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This is the abridged version of our original article in Japanese. Tokyo-based Kaizen Platform, the startup that operates web app A/B testing service PlanBCD, announced on Wednesday that it has changed its corporate identity and invited former investment banker Yuichi Shigeie as CFO. Prior to joining the team, he’d been working with JP Morgan for 13 years and also running the company’s investment banking operations as an executive director. Coinciding with this, Fidelity Growth Partners Japan’s David Milstein and Gree Venture’s Tatsuo Tsutsumi also joined Kaizen’s board of management. Our readers may recall Kaizen Platform fundraised $5 million from these investment companies back in March for business expansions to the US market. The company also changed its corporate logo at this time. The co-founder and CEO Kenji Sudo told us a bit about what triggered them to invite the new CFO: We’re exploring funding opportunities from the global market. Furthermore, I expect him to better manage our team in Tokyo since I’ll be mostly based in the US from now on. We are professional in engineering but he has a background totally different from what we have. That’s why I believe his unique perspective will help us a lot gain…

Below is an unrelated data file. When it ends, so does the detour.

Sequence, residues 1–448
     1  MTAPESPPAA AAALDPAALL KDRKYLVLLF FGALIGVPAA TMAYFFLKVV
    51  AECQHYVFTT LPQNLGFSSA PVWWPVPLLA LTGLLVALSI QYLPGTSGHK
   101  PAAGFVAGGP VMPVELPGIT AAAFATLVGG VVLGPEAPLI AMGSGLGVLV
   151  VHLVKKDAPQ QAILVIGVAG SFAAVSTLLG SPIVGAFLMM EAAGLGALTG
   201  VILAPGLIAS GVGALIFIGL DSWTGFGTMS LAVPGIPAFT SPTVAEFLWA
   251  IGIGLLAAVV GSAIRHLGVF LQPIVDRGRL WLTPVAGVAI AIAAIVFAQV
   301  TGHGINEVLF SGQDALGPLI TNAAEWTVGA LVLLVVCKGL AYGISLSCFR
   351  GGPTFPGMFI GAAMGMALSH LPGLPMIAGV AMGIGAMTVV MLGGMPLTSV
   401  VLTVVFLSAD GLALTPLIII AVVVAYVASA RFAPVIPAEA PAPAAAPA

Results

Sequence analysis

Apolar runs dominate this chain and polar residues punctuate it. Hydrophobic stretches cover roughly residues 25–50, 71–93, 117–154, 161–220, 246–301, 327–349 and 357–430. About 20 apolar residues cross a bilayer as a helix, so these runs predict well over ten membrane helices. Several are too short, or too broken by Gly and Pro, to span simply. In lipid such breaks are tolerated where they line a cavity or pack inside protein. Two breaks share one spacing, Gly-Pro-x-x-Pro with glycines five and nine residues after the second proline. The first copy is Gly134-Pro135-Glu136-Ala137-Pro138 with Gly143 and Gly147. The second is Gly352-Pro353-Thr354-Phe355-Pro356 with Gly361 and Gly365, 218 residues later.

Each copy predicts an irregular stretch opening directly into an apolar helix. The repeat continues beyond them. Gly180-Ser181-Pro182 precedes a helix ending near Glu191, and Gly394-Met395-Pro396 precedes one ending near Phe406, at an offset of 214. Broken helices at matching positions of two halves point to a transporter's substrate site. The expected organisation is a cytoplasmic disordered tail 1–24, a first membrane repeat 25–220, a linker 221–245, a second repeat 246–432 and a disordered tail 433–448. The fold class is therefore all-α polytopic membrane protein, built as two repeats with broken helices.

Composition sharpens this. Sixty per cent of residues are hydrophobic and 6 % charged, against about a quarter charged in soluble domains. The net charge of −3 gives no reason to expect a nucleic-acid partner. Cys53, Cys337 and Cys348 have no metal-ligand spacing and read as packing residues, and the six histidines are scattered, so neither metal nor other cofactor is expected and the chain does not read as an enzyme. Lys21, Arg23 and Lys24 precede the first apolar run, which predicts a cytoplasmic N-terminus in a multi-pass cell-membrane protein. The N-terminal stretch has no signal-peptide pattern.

kaizen-platform_featuredimage

This is the abridged version of our original article in Japanese.

Tokyo-based Kaizen Platform, the startup that operates web app A/B testing service PlanBCD, announced on Wednesday that it has changed its corporate identity and invited former investment banker Yuichi Shigeie as CFO. Prior to joining the team, he’d been working with JP Morgan for 13 years and also running the company’s investment banking operations as an executive director.

Yuichi Shigeie
Yuichi Shigeie

Coinciding with this, Fidelity Growth Partners Japan’s David Milstein and Gree Venture’s Tatsuo Tsutsumi also joined Kaizen’s board of management. Our readers may recall Kaizen Platform fundraised $5 million from these investment companies back in March for business expansions to the US market.

The company also changed its corporate logo at this time. The co-founder and CEO Kenji Sudo told us a bit about what triggered them to invite the new CFO:

We’re exploring funding opportunities from the global market. Furthermore, I expect him to better manage our team in Tokyo since I’ll be mostly based in the US from now on. We are professional in engineering but he has a background totally different from what we have. That’s why I believe his unique perspective will help us a lot gain our management level.

It will be interesting to see how they fare in the US market and successfully gain funding from outstanding investors in the global market.

Japanese growth hacking startup Kaizen Platform raises $5 million